Friday, July 1, 2016

Thoughts on Norwegian (Bokmål)

Thoughts on Norwegian (Bokmål)

So I casually decided to start learning Norwegian via duolingo--mainly because I'm reading the first volume of Knausgaard's Min Kamp

I still find it a bit mind-blowing that there are two different written versions of Norwegian, and then there are the many dialects,which people use for speech. Apparently Norwegians do not speak the way they write. Of course this is true of other languages, but it seems that Norwegians have taken this idea and made it official. To an outsider it seems confusing, but Norwegians probably navigate the issue fairly smoothly,except when they deliberately want to make it political. (From what I gather "Nynorsk" is a somewhat artificial attempt to lessen the influence of Danish on the language, since Bokmål is apparently close to Danish).  I have yet to find a definitive answer to the question "what language did Knausgaard write his books in?", although I think it was probably Bokmål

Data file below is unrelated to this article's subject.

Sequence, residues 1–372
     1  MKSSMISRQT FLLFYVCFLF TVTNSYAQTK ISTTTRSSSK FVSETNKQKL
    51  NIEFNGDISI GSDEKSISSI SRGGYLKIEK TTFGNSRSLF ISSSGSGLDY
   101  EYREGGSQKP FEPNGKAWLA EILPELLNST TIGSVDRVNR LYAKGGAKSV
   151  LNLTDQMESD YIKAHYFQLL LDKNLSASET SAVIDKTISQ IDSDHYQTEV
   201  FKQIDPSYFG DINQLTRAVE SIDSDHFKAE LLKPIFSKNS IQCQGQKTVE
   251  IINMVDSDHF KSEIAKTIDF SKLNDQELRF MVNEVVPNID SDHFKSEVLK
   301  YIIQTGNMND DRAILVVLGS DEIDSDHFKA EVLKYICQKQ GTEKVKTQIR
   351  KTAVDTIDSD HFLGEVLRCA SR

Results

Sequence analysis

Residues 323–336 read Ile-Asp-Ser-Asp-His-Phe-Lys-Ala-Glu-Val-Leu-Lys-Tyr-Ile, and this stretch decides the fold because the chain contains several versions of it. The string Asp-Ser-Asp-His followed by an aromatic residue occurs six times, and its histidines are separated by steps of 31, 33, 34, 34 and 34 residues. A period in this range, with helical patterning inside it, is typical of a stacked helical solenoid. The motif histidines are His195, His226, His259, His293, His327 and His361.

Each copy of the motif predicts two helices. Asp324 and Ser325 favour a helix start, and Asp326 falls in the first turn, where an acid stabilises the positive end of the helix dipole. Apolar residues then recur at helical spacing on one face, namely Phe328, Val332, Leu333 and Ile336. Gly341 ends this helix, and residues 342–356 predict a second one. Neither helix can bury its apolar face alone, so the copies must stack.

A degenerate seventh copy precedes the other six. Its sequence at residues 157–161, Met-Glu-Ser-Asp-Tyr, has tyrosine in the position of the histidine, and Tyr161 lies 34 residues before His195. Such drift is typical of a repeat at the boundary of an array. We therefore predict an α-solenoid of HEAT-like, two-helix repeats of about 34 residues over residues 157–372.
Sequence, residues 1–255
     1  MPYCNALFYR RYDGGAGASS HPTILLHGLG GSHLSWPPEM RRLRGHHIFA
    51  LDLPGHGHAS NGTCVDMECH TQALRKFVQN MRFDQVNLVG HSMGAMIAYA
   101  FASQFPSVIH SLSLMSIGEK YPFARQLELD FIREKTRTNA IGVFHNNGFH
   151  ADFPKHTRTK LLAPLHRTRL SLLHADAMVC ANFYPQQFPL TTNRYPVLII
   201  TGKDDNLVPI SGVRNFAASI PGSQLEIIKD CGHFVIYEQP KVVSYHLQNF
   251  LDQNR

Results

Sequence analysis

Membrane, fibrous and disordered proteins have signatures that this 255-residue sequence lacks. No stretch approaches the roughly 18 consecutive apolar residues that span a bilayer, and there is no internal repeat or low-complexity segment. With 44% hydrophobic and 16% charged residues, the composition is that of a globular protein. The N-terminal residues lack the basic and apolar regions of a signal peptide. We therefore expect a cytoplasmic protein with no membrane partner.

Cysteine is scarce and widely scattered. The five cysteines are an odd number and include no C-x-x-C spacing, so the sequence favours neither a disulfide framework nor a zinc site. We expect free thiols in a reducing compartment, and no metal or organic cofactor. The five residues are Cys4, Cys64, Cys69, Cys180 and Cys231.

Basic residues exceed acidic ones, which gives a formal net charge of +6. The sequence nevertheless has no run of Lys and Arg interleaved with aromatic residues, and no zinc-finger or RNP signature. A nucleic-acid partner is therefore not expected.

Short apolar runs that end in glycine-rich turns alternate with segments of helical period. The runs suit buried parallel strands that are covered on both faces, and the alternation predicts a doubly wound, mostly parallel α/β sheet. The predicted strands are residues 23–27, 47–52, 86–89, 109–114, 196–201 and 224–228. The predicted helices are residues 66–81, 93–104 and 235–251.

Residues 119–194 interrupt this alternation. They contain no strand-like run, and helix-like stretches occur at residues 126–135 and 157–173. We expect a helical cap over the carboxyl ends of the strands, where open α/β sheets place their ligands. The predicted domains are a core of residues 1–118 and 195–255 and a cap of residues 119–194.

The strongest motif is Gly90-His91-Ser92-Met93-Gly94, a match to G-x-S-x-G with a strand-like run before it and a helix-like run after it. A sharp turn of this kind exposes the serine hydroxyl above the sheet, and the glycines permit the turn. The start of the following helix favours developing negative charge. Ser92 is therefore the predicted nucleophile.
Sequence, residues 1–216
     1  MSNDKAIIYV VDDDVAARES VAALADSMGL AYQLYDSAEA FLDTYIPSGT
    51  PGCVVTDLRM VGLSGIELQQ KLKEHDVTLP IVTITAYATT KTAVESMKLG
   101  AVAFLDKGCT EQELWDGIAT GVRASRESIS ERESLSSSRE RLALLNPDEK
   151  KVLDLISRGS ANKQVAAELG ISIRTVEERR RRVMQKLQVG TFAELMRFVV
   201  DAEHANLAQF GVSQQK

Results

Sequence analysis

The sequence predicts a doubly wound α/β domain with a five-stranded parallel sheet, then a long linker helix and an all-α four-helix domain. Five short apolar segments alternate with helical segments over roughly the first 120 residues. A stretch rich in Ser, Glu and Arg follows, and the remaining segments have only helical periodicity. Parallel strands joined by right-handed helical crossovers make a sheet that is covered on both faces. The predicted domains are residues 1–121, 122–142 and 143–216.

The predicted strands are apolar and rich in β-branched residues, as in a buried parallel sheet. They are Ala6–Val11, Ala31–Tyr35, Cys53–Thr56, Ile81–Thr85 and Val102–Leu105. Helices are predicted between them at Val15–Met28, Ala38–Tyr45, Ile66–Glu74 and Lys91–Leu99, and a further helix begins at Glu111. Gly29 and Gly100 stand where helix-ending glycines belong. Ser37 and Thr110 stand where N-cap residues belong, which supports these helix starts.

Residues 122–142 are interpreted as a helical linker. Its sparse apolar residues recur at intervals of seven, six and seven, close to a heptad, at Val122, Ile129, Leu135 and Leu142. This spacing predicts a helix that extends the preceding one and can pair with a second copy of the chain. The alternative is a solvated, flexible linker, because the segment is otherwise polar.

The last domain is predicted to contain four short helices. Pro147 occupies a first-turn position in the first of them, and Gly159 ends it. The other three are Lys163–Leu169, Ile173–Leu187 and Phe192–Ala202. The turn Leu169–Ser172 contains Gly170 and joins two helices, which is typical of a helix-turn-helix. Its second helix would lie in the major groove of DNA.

(Bokmål) Norwegian seems to be a very economical language – even minimalist, which conforms to my admittedly probably superficial notions of Scandinavian sparseness in terms of design or aesthetics. It of seems to get by with fewer words than English: Example:

Jentene leser avisene.  

The girls are reading the newspapers.

One reason for this is that it adds the definite article to the noun-sort of like an adjective ending in German,which is kind of cool. 

My favorite Norwegian words so far are: Gaffel (fork), and Edderkopp (spider). 

I’m learning it with duolingo—which seems to be a fun and game-like way to get started on a language. It in no way replaces classroom language learning but could be a nice supplement to what a student is learning in class.


  1. is there a similar convention in german, ie formal vs informal. the dutch and chinese speak to elders in a manner that is different from the way they address their friends.

    1. Hi Jac!

      Yes there is definitely a clear distinction between standard or"high" German and all the dialects, or more colloquial forms of German but it's not as "official" as it seems to be in Norwegian and it also isn't as clearly split into written versus spoken language. Plus it doesn't have the added issue of the standard language being "infected" by another language in this case Danish. Standard/high German is often also spoken German.